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I hate to sound like I'm looking for a fight, because I'm not. I came here looking for some info, and got it, but also found some interesting stuff as well. I raced Hyundai's in the 90's, and got pretty regularly criticized, but did well nontheless.
You say its simple geopmetry, but if its anything, its not simple. The opening and closing ramps are, for the most part symmetrical on the DA style cams, but are definitely not even close to being straight, or simple. The ramps are designed for a reason, and can cause all kinds of interesting problems when used in the wrong situation. Look at the lobes on your cams, and look at the arc in the ramps. Measuring those even with decent equipment is not that simple, not to mention the quietining ramps on the solid lifter profiles which would make it appear that the lobe/base circle is something other than concentric.
If you have degreed as many cams as I have, you would realize that they are anything but simple. I realize that I'm a newby, so I should mind my P's, and Q's, but I'm only trying to help :)

[Edited by turboshadow on Jan 6, 2005 3:52 PM]
 

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Discussion Starter #68
I know you're just trying to help. I'm just trying to point out that I'm not talking about all hydraulic cams vs. all solid lifter cams. I'm only talking about these three particular cam sets. If you know much about Hyundai, you know they sell their cars for cheap because there's not a lot of high tech parts, R&D, or expensive materials (aluminum, magnesium, etc...). Hyundai didn't radically change the cam when they went to solid lifters. The cam is only slightly different.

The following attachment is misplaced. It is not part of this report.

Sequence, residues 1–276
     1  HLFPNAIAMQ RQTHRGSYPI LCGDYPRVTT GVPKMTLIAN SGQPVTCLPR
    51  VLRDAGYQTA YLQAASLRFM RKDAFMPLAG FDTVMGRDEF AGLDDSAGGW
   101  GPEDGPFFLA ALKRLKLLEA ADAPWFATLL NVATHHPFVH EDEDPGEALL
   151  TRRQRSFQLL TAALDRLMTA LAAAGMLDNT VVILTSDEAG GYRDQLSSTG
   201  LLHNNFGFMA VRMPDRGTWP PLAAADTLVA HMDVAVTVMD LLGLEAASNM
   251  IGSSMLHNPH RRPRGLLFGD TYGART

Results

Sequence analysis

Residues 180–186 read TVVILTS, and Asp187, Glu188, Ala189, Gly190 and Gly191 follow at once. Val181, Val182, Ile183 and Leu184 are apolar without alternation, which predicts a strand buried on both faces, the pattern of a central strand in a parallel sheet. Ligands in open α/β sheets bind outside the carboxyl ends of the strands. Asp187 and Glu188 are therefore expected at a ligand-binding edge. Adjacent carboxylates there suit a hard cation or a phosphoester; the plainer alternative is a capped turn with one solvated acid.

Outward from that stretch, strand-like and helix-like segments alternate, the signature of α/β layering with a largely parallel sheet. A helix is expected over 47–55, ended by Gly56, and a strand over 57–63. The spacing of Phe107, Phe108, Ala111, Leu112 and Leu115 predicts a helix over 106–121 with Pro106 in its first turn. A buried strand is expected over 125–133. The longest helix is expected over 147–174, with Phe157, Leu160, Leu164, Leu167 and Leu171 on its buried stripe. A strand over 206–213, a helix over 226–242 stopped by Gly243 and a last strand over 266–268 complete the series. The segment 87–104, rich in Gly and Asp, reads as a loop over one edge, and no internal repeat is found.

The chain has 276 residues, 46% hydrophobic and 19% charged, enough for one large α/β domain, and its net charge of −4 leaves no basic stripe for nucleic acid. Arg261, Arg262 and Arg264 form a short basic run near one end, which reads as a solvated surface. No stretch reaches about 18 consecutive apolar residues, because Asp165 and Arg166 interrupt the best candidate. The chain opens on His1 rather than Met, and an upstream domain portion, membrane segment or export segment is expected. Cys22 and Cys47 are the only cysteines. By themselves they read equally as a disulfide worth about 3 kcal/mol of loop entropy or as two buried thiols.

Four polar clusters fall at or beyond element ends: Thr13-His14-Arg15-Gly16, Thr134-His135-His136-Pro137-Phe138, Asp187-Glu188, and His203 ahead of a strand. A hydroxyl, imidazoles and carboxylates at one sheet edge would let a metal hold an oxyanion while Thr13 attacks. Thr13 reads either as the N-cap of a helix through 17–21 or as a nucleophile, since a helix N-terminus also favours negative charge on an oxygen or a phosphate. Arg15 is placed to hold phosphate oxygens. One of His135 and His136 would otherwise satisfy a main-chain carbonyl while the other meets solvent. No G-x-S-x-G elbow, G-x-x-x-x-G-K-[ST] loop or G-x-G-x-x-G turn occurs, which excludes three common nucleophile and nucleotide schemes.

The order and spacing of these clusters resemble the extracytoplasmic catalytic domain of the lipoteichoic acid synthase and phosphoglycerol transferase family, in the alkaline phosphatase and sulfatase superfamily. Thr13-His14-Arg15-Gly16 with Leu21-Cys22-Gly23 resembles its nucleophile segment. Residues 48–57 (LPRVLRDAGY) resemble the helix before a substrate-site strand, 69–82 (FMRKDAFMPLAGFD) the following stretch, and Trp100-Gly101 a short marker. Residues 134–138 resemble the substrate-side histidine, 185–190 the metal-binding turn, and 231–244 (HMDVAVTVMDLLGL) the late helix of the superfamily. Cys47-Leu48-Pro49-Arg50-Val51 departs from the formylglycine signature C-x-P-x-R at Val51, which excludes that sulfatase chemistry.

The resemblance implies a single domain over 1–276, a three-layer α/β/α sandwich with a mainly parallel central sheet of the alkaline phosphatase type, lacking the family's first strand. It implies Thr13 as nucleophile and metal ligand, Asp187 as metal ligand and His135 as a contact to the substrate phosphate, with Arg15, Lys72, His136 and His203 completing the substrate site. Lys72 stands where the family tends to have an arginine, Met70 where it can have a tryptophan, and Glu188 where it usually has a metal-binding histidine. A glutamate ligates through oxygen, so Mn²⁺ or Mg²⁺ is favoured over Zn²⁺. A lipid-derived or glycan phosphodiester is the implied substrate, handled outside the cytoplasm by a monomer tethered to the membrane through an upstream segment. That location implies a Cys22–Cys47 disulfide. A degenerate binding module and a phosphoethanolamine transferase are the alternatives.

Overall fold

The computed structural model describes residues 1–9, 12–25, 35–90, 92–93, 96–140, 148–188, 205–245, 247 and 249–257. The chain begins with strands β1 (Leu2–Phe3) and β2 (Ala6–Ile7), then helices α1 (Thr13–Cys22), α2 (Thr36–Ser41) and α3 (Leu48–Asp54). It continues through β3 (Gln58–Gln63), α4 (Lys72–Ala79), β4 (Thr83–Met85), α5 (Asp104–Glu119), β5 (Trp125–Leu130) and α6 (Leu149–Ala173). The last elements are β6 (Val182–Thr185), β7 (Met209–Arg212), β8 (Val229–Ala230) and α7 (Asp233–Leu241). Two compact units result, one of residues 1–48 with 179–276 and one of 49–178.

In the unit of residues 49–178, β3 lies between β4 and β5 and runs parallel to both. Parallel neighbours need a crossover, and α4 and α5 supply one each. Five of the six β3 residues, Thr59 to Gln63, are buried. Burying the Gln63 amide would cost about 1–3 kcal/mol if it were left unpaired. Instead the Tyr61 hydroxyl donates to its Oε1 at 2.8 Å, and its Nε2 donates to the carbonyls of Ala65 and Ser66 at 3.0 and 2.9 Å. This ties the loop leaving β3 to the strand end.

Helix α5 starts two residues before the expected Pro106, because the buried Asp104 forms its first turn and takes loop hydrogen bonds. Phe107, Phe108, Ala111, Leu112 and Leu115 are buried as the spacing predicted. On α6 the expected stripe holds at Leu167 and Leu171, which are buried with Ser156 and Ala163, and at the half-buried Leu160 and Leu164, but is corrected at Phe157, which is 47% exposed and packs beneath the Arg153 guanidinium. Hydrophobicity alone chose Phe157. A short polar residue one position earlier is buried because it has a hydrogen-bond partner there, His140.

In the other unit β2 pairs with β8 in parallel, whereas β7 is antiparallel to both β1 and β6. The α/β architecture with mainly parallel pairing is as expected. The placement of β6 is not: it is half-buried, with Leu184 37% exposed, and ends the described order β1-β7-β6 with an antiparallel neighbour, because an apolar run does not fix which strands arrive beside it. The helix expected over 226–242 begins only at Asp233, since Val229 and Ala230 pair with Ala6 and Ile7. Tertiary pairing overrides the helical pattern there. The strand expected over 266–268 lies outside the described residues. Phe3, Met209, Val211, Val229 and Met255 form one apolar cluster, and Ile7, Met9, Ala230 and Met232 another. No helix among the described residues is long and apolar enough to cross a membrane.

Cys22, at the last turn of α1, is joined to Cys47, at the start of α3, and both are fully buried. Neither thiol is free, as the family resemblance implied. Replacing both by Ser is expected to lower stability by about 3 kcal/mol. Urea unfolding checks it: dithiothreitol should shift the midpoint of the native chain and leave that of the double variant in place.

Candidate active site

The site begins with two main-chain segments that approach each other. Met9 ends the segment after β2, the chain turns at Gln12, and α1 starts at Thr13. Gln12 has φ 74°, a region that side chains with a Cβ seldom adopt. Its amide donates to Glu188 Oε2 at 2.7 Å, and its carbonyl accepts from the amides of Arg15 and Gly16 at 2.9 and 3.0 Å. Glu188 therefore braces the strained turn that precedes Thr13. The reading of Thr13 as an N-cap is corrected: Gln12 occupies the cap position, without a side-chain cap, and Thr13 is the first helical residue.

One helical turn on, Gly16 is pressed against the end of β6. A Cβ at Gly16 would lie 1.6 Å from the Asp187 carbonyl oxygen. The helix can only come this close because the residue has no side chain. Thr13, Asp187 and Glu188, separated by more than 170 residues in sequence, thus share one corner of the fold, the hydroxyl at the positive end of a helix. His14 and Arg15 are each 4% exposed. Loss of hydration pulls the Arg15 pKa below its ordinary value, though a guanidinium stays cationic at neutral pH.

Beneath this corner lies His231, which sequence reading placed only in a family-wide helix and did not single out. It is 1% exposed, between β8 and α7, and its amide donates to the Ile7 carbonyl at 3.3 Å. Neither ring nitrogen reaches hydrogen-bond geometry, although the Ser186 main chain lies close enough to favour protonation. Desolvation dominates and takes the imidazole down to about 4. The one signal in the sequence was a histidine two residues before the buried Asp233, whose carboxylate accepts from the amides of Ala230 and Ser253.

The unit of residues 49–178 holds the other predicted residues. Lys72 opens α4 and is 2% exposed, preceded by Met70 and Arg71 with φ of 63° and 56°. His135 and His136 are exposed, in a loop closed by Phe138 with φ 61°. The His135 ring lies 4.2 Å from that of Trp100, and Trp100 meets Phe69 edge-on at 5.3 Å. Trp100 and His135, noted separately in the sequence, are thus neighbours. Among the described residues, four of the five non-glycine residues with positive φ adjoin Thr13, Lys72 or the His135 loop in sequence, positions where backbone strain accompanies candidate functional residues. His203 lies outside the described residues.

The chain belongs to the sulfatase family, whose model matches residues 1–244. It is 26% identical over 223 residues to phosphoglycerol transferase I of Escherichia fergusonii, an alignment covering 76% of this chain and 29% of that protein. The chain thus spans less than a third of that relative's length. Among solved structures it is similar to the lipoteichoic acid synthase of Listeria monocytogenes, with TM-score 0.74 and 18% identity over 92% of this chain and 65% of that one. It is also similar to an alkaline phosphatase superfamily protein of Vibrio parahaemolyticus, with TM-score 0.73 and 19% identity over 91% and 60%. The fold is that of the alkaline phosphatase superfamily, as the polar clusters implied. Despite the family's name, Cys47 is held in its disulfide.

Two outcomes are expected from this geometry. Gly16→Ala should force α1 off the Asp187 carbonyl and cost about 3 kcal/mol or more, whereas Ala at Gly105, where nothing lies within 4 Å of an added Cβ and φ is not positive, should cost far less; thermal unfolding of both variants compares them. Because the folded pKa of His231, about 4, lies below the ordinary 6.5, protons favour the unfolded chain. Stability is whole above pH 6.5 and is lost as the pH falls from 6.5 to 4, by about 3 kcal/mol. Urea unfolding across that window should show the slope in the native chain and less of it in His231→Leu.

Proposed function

BTW, don't worry about being a newbie. This isn't a place (unlike some boards) where people get banned for debating with Mods or Admins, unless name calling ensues.
 

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As posted in the Elantra section, I am going to attempt the 1.8L ex cam into the XD swap, in reality this should yeild some gains, minimal yes but some still. I will be sure to keep yous posted with results as to what I feel, or worse case scenario, my engine dies!
 

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Originally posted by MechaniX_034
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Get a degreeing wheel and a micrometer, and you'll see some pretty subtle diferences.:lol:
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On the page shop sell a pair of cams that are 274 degrees and a pair of 264 degrees,butt I have a Elantra GLS 1997 (it has hi compresion pistons)and i will want to know which one will be better to buy. And if will need to modify the computer. ;):
 

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For a n/a tune on my Elantra GLS 1997 1.8L which I will do better change it to 2.0L and let the 1.8L cams or change the cams and let it 1.8L engine. Please tell me. And if it is good to advance the motor and how many degrees with the sproket.;):
 

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I have a 2000 elantra coming up on time to replace t belt. I am gonna do the cam swap too is it worth it to put adjustable gears on or is that a waste of money. Thanks :??: